... The effects of volunteering can be seen at the micro-, meso-, and macrolevels. Among the many benefits of volunteering for older people at the microlevel are increases in their psychological well-being, including life satisfaction, self-perception, happiness, and sense of purpose [3][4][5], and increases in their physical health, including protective effects on mortality, lower risk of cardiovascular incidents, and fewer functional limitations [6,7]. ...
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Volunteering can play an important role in active aging. The resource theory of volunteering posits that volunteerism depends on human, social, and cultural capital. Benefits of volunteering have been documented at the micro-, meso-, and macrolevels, positively affecting individual older people as well as their local communities and society at large. Taking a process-oriented theoretical approach, this study focused on the mesolevel factor of the environment with the purpose of determining the relationship between perceived neighborhood safety and volunteerism over the course of a decade and the extent to which this relationship differs by gender and race. Longitudinal data from the Health and Retirement Study in the United States of America between 2008 and 2018 were used ( N = 72,319 adults 60 years and older). Generalized estimating equations (GEE) with robust standard errors were employed while controlling for a number of covariates. A third of the sample volunteered in the past year (33%). The probability of volunteering among older adults who rated their perceived neighborhood safety as excellent was greater compared with those who rated their perceived neighborhood safety as fair/poor after controlling for all other model covariates (ME: 0.03, 95% CI: 0.02, 0.05). Among males rating their perceived neighborhood safety as excellent, the probability of volunteering was higher (ME: 0.04, 95% CI: 0.02, 0.07). Among females, the probability of volunteering was higher among those who perceived their neighborhood safety to be excellent (ME: 0.03, 95% CI: 0.01, 0.05) or very good (ME: 0.02, 95% CI: 0.00, 0.04). White respondents who rated their neighborhood safety as excellent (ME: 0.05, 95% CI: 0.03, 0.07) or very good (ME: 0.04, 95% CI: 0.02, 0.06) had a higher probability of volunteerism. Results were not significant among Black respondents and those who described their race as “other.” This study’s process-oriented theoretical approach indicates that initiatives aimed at improving neighborhood safety and older adults’ perceptions of neighborhood safety could increase social capital and lead older adults to engage in more volunteering, providing benefits at micro-, meso-, and macrolevels—to older individuals, their local communities, and society at large.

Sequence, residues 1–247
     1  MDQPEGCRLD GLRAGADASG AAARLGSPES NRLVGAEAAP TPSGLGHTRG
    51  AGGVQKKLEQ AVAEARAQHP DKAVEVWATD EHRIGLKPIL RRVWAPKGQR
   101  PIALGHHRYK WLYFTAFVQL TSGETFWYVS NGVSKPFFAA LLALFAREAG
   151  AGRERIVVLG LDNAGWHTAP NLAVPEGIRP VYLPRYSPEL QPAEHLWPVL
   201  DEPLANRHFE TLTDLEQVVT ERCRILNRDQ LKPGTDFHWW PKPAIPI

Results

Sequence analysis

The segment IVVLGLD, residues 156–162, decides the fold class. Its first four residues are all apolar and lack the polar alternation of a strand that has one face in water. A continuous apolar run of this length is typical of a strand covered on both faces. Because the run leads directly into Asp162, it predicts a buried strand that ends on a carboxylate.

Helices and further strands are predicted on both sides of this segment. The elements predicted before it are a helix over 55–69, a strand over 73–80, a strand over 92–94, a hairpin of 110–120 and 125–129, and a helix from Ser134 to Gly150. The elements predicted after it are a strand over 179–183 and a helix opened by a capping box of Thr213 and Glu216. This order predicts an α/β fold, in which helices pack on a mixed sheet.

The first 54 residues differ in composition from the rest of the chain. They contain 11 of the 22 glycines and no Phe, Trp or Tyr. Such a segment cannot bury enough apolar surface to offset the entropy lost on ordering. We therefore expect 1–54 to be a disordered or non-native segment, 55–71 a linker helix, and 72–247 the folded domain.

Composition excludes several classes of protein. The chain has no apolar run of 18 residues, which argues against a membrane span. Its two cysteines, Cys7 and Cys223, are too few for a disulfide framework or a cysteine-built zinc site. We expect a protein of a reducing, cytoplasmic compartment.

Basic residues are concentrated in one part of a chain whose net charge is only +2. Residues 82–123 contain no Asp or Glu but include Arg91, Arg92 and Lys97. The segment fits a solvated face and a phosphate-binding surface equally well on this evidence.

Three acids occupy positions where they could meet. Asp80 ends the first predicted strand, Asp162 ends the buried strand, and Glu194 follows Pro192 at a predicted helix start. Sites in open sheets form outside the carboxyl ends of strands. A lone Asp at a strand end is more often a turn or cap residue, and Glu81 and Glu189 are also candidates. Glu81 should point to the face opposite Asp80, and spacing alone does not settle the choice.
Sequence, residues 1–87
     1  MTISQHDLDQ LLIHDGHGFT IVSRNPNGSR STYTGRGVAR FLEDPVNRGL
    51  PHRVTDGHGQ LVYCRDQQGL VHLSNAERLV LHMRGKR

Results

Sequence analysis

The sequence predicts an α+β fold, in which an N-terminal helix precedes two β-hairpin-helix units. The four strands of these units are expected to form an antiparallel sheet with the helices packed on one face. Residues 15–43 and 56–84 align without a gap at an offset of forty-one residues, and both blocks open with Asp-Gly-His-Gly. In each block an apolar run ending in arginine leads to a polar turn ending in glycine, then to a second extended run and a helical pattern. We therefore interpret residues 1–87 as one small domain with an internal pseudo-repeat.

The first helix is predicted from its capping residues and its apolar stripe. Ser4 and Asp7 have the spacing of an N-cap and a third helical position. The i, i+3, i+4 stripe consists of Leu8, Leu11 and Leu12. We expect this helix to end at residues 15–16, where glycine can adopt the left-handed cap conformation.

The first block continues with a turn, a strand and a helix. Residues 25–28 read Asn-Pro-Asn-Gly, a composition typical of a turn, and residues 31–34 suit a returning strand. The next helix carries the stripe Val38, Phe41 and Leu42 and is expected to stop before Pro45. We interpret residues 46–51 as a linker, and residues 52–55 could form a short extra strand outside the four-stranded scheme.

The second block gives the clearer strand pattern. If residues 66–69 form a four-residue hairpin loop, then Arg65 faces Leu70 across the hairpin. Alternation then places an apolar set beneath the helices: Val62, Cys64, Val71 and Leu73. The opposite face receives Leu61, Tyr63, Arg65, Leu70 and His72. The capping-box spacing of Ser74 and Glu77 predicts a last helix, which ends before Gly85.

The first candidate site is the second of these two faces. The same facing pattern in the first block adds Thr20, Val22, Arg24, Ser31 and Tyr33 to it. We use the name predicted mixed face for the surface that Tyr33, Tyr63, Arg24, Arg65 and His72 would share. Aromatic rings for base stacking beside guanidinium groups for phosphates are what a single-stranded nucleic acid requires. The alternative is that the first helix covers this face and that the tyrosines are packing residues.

With the increase in urbanization in China, people's neighborhood has an important influence on their well-being. This study aims to explore the impact of neighborhood mutual support on well-being from the perspective of social work. A total of 13,486 samples from the 2016 China Labor-force Dynamics Survey were utilized. The data were analyzed by the ordered logit model and propensity score matching while controlling for individual, family, and socioeconomic features. Findings (1) The more the neighborhood mutual support, the higher individuals' degree of well-being; this conclusion is robust. 2) Neighborhood mutual support has a larger improvement effect on the well-being of groups with low social status. (3) Neighborhood mutual support improves well-being through two mechanisms: it can grow an individual's support network, helping them obtain more material support, and it enhances individuals' integration into society, improving their well-being through increased feelings of community security. (4) The influence of neighborhood mutual support is weakened when a community has formal social support (full-time social workers) because individuals can resolve their problems through formal social support, reducing their reliance on neighbors. Applications Based on the perspective of community development, understanding the influence of neighborhood mutual support on well-being is important. Social workers should adopt different intervention approaches according to characteristics of different groups to improve residents' level of neighborhood mutual support. Moreover, to promote community development, the government should consider arranging social work for less-developed communities.
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A growing literature shows that doing voluntary work not only helps the wider community but can also improve one’s own well-being. To date, however, few studies have examined the relationship between volunteering and well-being in non-US and especially in comparative data. We study this relationship using two waves of data of 18,559 individuals aged 50 and above from 12 European countries. We analyze life satisfaction impacts of change and stability in volunteering status and in the intensity (frequency) of volunteering, and explore whether these impacts differ according to life stage (age, employment status) and across countries with different norms and supports for voluntarism. Findings show that net life satisfaction is higher among longer-term, recent, and former volunteers than among stable (long-term) non-volunteers. There are no significant life satisfaction differences between the three groups with volunteer experience. Equally, similar levels of life satisfaction are observed among people who have increased and decreased their frequency of volunteering. It thus seems to be the experience and not the dynamics (i.e., change or persistence) of volunteering that is associated with well-being. Findings further suggest life course variation in the association between volunteering and well-being, as the relationship is stronger for older and long-term non-employed (mostly retired) individuals than for their middle-aged and working counterparts. The relationship is also stronger in countries where volunteering is less common and less institutionally supported.